Robert Bolt’s “A Man For All Seasons” | Legal Reads

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Listen to Joe’s review on our podcast: Episode 8


Joseph D. Nohavicka’s Pick:

My choice for Lit Legal Read today is “A Man For All Seasons,” a play by Robert Bolt, based on the life of Sir Thomas More.

The performance of the play was about 2 and a half hours, but it is a very quick and well-written read. It is broken up into two acts. 

Here is a summary:

The main character, Thomas More, is a lawyer and a statesman in the court of Henry VIII. Henry wants to divorce his wife, Catherine of Aragon, because did not bear him a son, so that he could marry Anne Boleyn, the sister of his former mistress. 

Thomas More, was in a position to permit the divorce by not by going against his oath and not apply the law. So, he was convicted of treason and executed.  That is the play. Ends with Thomas More getting his head chopped off.

The play begins with a very interesting character, The Common Man dressed in black tights and sporting a pot belly:

It is perverse! To start a play made up of Kings and Cardinals in speaking costumes and intellectuals with embroidered mouths, with me.

If a King or a Cardinal had done the prologue he’d have the right materials. And if an intellectual would have shown enough majestic meanings, colored propositions, and closely woven liturgical stuff to dress the House of Lords! But this!

Is this a costume? Does this say anything? It barely covers one man’s nakedness? A bit of black material to reduce Old Adam to Common Man.

Oh, if they’d let me come on naked, I could have shown you something of my own…The Sixteenth Century is the Century of the Common Man. Like all other centuries. And that’s my proposition.

Robert Bolt

And so it goes.

History  reflects Sir Thomas More, as a true man of conscience.  In real life, he was an English lawyer, social philosopher, author, statesman, and noted Renaissance humanist.  

He was also a counselor to Henry VIII, and Lord High Chancellor of England from October 1529 to 16 May 1532.  

He wrote Utopia, published in 1516, about the political system of an imaginary, ideal island nation.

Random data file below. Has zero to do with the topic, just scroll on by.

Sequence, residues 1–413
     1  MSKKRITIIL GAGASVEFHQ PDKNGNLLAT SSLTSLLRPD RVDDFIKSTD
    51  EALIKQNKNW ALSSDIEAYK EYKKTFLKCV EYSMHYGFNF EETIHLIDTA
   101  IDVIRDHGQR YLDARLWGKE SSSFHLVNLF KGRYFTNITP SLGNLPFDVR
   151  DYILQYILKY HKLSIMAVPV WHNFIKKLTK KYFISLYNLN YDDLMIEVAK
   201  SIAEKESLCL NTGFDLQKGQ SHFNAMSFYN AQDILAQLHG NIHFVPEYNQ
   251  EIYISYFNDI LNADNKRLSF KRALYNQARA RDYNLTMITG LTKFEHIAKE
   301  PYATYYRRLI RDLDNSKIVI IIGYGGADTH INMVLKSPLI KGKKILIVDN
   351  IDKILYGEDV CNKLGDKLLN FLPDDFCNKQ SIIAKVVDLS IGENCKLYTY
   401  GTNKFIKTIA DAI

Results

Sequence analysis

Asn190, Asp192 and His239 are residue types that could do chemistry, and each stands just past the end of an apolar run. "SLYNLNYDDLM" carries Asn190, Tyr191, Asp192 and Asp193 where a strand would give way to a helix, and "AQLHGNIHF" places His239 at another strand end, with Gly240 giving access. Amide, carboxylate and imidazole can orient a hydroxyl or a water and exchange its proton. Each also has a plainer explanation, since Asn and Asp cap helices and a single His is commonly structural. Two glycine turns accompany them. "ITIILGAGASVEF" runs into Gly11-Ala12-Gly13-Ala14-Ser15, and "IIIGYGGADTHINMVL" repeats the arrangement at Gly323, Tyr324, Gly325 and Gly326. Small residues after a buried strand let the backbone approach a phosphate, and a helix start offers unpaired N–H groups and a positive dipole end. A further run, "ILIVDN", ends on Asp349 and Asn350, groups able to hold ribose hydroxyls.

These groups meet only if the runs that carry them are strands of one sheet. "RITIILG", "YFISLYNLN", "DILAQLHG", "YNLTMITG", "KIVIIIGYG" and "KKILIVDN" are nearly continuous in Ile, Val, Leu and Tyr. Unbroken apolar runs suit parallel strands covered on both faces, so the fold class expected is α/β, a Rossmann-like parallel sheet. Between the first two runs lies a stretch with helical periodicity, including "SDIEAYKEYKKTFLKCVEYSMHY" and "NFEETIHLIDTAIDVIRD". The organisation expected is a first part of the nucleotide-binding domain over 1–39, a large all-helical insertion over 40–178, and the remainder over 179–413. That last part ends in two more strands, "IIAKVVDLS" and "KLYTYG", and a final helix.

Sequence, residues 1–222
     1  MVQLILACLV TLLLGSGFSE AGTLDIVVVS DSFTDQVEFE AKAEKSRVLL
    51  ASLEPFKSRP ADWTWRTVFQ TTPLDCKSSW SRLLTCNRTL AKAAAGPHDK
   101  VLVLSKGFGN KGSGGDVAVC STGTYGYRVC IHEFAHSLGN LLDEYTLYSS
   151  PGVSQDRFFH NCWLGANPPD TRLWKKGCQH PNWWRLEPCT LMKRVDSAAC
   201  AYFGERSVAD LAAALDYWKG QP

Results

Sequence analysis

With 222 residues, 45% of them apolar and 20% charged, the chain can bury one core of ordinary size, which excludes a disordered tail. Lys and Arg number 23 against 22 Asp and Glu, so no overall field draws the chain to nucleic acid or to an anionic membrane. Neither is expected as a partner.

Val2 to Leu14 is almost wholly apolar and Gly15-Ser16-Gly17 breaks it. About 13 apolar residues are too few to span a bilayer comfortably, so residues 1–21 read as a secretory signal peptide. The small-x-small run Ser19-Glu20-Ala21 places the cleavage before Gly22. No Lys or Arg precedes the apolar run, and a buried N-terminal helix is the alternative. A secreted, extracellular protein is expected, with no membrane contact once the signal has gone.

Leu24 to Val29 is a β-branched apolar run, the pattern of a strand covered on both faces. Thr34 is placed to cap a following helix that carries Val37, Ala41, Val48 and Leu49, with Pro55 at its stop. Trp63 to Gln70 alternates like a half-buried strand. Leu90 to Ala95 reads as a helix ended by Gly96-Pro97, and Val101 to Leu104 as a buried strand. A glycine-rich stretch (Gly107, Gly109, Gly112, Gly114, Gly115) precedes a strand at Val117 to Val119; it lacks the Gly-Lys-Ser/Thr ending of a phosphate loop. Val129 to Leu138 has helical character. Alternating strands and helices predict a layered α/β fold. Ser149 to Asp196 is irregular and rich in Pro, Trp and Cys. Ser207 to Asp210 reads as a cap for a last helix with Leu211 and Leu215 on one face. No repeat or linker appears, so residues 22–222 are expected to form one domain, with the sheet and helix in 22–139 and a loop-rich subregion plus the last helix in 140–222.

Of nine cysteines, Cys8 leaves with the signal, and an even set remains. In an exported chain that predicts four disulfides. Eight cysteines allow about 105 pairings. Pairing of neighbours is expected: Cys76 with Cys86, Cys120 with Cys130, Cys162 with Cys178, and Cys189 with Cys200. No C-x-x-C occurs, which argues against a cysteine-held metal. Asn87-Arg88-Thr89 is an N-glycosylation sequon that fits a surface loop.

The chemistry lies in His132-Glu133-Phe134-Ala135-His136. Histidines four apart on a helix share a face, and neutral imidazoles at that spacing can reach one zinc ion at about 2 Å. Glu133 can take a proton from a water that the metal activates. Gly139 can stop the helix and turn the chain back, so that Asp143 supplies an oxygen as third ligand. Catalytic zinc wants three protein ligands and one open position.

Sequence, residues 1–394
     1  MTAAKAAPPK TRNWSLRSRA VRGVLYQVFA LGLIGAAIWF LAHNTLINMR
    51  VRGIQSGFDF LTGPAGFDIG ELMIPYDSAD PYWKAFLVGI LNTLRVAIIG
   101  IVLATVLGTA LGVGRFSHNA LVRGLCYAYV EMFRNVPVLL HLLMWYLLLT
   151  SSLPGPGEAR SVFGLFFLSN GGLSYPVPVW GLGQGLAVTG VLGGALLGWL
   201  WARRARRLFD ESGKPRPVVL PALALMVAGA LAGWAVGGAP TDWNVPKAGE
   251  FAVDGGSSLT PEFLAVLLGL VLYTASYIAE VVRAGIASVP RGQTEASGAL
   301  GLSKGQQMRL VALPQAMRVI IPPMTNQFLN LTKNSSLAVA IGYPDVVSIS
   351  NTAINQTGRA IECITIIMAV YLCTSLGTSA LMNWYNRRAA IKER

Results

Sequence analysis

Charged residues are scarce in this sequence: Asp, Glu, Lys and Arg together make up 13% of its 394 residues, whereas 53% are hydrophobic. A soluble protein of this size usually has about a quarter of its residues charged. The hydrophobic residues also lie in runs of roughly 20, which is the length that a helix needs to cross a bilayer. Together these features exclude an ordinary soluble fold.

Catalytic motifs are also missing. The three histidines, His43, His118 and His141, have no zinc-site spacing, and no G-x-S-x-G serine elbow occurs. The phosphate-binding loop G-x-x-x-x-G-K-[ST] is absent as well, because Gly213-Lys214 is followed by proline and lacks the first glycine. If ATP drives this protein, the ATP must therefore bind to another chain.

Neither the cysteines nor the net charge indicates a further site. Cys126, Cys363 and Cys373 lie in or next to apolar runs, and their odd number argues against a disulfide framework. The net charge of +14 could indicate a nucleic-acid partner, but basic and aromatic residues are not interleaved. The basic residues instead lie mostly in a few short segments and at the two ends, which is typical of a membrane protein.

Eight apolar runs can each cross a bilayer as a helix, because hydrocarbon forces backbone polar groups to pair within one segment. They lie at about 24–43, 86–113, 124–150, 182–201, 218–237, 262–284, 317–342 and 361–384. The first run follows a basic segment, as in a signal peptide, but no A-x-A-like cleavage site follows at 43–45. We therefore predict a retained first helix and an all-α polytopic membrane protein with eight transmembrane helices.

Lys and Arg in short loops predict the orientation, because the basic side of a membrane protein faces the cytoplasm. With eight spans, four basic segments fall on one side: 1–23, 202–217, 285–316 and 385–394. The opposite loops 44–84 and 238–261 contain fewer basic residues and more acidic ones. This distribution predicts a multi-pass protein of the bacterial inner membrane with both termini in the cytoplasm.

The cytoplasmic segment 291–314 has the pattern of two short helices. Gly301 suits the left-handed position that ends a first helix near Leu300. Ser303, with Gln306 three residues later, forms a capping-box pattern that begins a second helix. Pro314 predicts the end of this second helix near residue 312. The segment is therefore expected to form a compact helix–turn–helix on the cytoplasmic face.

Why is the play important for people interested in the law?

There are those who believe that to be a lawyer, in the truest sense of the word, you must have a conscience.  

What is Conscience?

Is it the low voice in our minds that acts as a guide to the rightness or wrongness of  behavior?

Clients are often looking to their lawyers to model the type of behavior that is appropriate in a legal matter. In that context, lawyers should be guided by their conscience. How we act and how we present ourselves has an impact.

In the play, More warns about the erosion of the rule of law:

When his daughter’s suitor, Roper, claims that he would cut down every law in England to get after the devil, More responds, “And when the last law was down, and the Devil turned round on you — where would you hide, Roper, the laws all being flat?”

When a man takes an oath, Meg, he’s holding his own self in his own hands. Like water. And if he opens his fingers then — he needn’t hope to find himself again.

Robert Bolt

Throughout the play, Thomas More asks, Is a person defined by their conscience?

That is for the reader to decide.

I had a picture in my office about 20 years ago with the caption, “The Honest Lawyer.” The picture above the caption was a headless lawyer holding his head in a dish.

I hope you have the chance to read this play, I know you will like it.

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